Posted September 15, 2013

James Starks becomes first Packer to rush for more than 100 yards since 2010

Green Bay Packers, NFC East, NFC North, Washington Redskins
James Starks rumbled for 132 yards against the Redskins.

James Starks rumbled for 132 yards against the Redskins. (Mike Roemer/AP)

The Green Bay Packers have won 36 regular-season games and lost just 13 since the start of the 2010 season despite the lack of any consistent run game. In three of the last six games of the 2010 regular season — the year Green Bay won the Super Bowl — quarterback Aaron Rodgers was the team’s leading rusher. And the last time the Packers had a player run for more than 100 yards in a game? Well, that was Oct. 10, 2010, when Brandon Graham gained 115 yards on 10 carries in a 16-13 overtime loss to the Washington Redskins.

The Packers faced the Redskins again on Sunday, and again, Green Bay got a 100-yard rushing performance. it took 44 regular-season games in-between, but backup running back James Starks ran 20 times for 132 yards against Washington’s worrisome defense in a 38-20 win. This after starting back Eddie Lacy, who the Packers drafted in 2013 to gain some traction in their ground game, was concussed by Redskins safety Brandon Meriweather. Starks came in the game and not only got things rolling on the ground, but also managed to boot Meriweather from the game with a hit of his own. No doubt Starks and Meriweather will both be hearing from the league this week, but Packers head coach Mike McCarthy will certainly take the result.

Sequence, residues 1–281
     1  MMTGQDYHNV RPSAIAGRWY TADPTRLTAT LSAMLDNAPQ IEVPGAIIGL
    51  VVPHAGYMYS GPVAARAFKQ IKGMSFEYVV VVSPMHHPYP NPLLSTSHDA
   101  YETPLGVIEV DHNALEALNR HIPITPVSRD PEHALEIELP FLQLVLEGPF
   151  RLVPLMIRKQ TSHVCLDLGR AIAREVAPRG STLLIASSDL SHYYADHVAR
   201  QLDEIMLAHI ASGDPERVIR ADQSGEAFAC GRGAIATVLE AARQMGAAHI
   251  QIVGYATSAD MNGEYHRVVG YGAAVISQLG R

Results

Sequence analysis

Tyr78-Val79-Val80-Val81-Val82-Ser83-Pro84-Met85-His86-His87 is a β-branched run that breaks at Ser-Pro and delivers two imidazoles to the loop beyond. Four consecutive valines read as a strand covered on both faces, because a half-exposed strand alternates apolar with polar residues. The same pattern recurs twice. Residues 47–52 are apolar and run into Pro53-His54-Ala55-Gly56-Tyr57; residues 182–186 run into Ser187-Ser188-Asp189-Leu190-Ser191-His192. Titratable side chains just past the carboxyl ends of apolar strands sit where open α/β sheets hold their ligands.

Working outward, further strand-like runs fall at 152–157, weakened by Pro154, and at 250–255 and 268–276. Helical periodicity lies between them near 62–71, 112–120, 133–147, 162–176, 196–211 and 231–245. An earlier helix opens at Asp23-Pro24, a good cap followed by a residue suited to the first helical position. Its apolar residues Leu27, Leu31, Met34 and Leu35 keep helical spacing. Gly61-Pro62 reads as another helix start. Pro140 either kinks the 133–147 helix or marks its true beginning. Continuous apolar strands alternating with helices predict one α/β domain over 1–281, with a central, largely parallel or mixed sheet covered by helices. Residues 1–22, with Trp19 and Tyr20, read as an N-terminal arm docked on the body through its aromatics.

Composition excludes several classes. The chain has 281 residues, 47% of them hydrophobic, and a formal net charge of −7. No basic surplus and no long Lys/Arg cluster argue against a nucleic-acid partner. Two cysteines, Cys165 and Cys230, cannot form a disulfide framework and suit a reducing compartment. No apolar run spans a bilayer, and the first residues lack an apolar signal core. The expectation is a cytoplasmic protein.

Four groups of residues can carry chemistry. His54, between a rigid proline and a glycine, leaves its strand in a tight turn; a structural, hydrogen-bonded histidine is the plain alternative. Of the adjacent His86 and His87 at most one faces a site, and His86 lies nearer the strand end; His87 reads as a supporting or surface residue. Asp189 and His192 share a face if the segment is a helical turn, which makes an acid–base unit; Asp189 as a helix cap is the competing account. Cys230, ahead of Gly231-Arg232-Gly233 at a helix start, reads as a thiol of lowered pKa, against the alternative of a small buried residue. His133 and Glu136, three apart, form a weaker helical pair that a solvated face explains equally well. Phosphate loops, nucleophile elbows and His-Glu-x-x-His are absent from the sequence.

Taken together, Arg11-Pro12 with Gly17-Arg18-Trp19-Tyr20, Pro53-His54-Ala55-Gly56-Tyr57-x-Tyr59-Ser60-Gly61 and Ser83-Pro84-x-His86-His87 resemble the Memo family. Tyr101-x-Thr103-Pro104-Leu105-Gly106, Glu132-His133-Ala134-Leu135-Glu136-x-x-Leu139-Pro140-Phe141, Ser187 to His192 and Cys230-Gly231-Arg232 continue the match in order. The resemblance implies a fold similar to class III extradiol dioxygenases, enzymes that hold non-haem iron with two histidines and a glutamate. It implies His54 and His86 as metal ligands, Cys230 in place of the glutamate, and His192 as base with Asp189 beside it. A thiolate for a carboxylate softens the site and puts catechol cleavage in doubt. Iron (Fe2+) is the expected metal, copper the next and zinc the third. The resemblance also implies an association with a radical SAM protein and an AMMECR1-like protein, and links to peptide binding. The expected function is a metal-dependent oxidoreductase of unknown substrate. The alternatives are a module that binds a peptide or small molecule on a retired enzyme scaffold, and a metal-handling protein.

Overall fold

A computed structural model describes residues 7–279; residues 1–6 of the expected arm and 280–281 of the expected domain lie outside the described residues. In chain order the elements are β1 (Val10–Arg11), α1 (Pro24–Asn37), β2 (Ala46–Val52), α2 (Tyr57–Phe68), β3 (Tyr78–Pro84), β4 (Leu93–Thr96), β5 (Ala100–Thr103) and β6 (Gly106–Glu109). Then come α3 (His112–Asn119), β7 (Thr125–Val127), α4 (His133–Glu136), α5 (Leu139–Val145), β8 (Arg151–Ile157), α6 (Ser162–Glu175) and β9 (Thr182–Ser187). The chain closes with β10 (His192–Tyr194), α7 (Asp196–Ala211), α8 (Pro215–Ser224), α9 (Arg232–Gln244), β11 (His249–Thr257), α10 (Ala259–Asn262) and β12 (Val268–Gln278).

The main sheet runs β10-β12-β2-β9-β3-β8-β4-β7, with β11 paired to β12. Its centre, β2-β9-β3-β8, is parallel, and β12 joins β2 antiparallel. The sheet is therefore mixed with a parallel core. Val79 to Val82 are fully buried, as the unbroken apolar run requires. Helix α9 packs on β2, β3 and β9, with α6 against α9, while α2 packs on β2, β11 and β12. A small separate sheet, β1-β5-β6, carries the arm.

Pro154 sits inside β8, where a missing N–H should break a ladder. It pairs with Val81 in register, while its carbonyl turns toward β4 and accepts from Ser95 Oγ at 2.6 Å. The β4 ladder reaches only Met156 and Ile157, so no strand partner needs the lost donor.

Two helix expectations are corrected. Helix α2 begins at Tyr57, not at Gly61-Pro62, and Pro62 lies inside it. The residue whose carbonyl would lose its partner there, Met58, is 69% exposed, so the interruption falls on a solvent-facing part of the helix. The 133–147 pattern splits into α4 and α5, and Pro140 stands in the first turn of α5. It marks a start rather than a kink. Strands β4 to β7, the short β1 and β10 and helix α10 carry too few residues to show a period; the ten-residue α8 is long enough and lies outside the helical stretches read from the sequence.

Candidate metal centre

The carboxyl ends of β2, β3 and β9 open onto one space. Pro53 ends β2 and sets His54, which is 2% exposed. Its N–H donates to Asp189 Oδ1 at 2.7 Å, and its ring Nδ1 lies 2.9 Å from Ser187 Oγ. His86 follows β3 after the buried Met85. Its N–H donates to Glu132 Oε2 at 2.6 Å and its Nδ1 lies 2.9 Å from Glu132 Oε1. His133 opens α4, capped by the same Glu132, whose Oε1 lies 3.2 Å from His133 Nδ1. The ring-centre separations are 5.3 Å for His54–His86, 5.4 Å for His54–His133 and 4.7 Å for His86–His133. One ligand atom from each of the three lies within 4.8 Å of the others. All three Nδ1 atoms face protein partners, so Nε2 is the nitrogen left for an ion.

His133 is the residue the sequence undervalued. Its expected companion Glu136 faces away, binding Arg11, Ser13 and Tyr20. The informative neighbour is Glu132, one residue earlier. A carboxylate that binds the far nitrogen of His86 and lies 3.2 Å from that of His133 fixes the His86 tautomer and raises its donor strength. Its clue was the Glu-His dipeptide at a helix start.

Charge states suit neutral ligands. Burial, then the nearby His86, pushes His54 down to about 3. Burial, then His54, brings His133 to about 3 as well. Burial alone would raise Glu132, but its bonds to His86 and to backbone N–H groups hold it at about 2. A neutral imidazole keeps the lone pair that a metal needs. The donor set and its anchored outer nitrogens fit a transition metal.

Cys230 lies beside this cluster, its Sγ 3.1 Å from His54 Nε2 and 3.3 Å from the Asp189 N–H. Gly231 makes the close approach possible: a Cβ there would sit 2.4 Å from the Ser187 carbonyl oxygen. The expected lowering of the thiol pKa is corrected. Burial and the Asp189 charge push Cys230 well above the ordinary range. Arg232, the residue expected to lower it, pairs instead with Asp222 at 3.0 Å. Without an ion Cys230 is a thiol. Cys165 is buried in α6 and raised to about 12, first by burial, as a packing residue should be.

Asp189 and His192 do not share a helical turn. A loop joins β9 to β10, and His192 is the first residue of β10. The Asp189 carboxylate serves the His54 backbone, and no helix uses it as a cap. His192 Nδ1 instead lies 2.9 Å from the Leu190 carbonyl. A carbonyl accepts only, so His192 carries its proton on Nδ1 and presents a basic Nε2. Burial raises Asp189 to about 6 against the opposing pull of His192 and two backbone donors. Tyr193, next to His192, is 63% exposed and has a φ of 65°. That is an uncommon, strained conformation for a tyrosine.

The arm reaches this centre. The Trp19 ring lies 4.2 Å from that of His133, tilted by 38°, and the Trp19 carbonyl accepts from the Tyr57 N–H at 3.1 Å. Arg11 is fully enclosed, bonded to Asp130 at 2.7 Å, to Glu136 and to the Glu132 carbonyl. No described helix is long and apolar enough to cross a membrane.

Of course, it didn’t hurt that Rodgers was absolutely unconscious in this game, completing of 42 passes for 480 yards and four touchdowns. Rodgers had 335 passing yards at the half, and looked to be in range of the NFL’s single-game passing yardage record of 554 yards set by Norm Van Brocklin of the Los Angeles Rams in 1951.

But it didn’t matter in the end, because Washington’s defense was porous for the second straight week, and an offense led by a still-balky Robert Griffin III couldn’t put any points on the board until the game was well out of reach. In the fourth quarter, Starks ran seven times to Rodgers’ six passing attempts, and the Packers kept the ball for 9:24 of the final 15 minutes.

As for the Redskins, they have to take a step back and worry about two stats: 0-2 (their record right now), and 1,023 — the number of yards their defense has allowed in those two games.

And now, they’ve allowed this little bit of history, per Paul Imig of FOX Sports Wisconsin:



Mr. Farrar I am not sure how you hold a writing job with such blatant inaccuracies and misguided observations.  I do not know how you confused Brandon Jackson with Brandon Graham.  I am not sure what led you to the conclusion that James Stark's will be hearing from the league when he protected himself from Meriweather leading with his helmet ... for a second time ... but I would love to hear your explanations on it because from an outside observer ... they make zero sense.


Alrighty Doug, some friendly advice.  It's Brandon Jackson, not Graham.  Also, PRETTY sure Starks won't be hearing from the league for the play in which Meriweather knocked himself out.  All Starks did was brace for impact and Meriweather once again speared a runner with the crown of his helmet.  Do you even watch these games before you write about them?  "Rodgers completing [34] of 42 passes for 480 yards..."  It was painful reading this article.  I expect much better from SI


Lord knows how the Washington Post will respond to this one. The base spaniel fawning over Griffin is an ongoing embarrassment. That's no criticism of RGIII, he can't help it, but the city is practical worshiping him, and I am not exaggerating. I live in Annapolis and I get the Post, but I do not look forward to seeing the front page tomorrow.  Elections get less attention.